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Public key authenticated encryption and why you want it (Part II)


InPart I, I made the argument that even when using public key cryptography you almost always want authenticated encryption. In this second part, we’ll look at how you can actually achieve public key authenticated encryption (PKAE) from commonly available building blocks. We will concentrate only on approaches that do not require an interactive protocol.

authentication noun

:an act, process, or method of showing something (such as an identity, a piece of art, or a financial transaction) to be real, true, or genuine

Merriam-Webster online

First, a brief digression about the nature of authentication and trust models. What do we mean when we talk about authentication? We often talk about authentication as if it was synonymous with identification, but the two are not identical. When I see an old friend in the street, I know who they are immediately (identification). I do not need to ask to see some proof of identity (authentication).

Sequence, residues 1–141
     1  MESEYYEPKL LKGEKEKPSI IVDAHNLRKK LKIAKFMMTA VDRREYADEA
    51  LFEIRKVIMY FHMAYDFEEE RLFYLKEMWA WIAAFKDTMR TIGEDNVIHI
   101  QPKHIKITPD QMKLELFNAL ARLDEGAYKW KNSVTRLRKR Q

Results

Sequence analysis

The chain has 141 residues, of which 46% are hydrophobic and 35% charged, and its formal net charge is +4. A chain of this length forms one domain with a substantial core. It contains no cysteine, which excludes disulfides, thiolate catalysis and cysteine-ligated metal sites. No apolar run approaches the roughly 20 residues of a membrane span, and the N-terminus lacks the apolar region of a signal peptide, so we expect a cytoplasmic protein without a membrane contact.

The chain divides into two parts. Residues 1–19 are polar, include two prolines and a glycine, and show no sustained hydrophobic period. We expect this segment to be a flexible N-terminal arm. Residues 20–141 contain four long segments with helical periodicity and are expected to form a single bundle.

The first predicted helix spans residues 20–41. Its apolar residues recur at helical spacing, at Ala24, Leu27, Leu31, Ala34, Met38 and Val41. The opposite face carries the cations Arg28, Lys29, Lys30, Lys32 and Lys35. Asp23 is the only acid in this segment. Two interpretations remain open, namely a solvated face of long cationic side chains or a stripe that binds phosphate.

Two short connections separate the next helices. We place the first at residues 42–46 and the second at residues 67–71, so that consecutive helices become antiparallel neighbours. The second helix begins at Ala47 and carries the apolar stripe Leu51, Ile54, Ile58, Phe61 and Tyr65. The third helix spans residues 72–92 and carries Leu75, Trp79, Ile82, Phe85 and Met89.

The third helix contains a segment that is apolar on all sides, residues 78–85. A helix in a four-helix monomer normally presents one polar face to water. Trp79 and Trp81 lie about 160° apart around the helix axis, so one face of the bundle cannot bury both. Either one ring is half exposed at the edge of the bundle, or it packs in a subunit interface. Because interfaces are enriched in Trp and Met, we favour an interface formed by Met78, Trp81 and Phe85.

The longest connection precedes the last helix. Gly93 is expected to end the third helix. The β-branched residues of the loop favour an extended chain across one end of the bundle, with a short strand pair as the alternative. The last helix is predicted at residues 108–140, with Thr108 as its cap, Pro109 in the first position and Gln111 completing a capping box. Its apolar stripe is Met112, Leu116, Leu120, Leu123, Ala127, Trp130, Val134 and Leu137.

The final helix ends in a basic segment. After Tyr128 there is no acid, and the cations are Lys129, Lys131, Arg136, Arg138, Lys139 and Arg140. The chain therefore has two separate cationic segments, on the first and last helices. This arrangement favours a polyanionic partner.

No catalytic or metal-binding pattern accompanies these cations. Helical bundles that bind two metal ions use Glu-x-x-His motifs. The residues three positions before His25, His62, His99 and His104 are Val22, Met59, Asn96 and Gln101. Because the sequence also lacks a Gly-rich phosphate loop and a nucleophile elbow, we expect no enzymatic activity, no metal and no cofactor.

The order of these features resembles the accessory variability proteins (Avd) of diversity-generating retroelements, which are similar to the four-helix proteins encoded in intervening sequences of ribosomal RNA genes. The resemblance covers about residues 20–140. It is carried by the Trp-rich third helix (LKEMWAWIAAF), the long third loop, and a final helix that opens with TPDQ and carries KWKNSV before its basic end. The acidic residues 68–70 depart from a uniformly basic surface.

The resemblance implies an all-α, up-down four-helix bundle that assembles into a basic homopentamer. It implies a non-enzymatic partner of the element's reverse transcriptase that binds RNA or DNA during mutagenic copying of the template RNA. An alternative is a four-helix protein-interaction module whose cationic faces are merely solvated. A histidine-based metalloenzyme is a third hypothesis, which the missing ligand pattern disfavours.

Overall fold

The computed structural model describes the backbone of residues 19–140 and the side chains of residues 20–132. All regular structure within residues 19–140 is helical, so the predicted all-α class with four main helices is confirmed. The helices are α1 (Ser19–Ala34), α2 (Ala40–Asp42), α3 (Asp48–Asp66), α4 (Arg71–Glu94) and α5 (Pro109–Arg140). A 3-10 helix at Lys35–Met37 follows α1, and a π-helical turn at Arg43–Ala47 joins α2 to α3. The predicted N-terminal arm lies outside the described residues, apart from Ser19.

Authentication is the process of verifying that some claims are genuine. When you log in to a website, you claim to be somebody (your username) and you provide credentials (a password) to back up that claim literally, to lend credence to your claim.

When we talk about authenticated encryption, we are interested in authenticating the content of the message received, regardless of whether it makes any claims about who sent it. Should I trust this message? Does it come from a trustworthy source? On first glance it may seem that in order to evaluate the trustworthiness of the source I need to know who the sender is, but this is not actually true.

In symmetric cryptography, all legitimate parties in a conversation share a secret key. Any individual with access to that key can create a message that is indistinguishable from a message made by any other individual in the group. The trust model is implicitly that anyone who has access to the key is trusted, otherwise don’t give them the key. (Typically we therefore keep the number of parties that have access to any given key as small as possible, preferably just one or two). Authentication in this case just means ensuring that a message came from anybody in the trusted group, but didn’t come from somebody outside the group.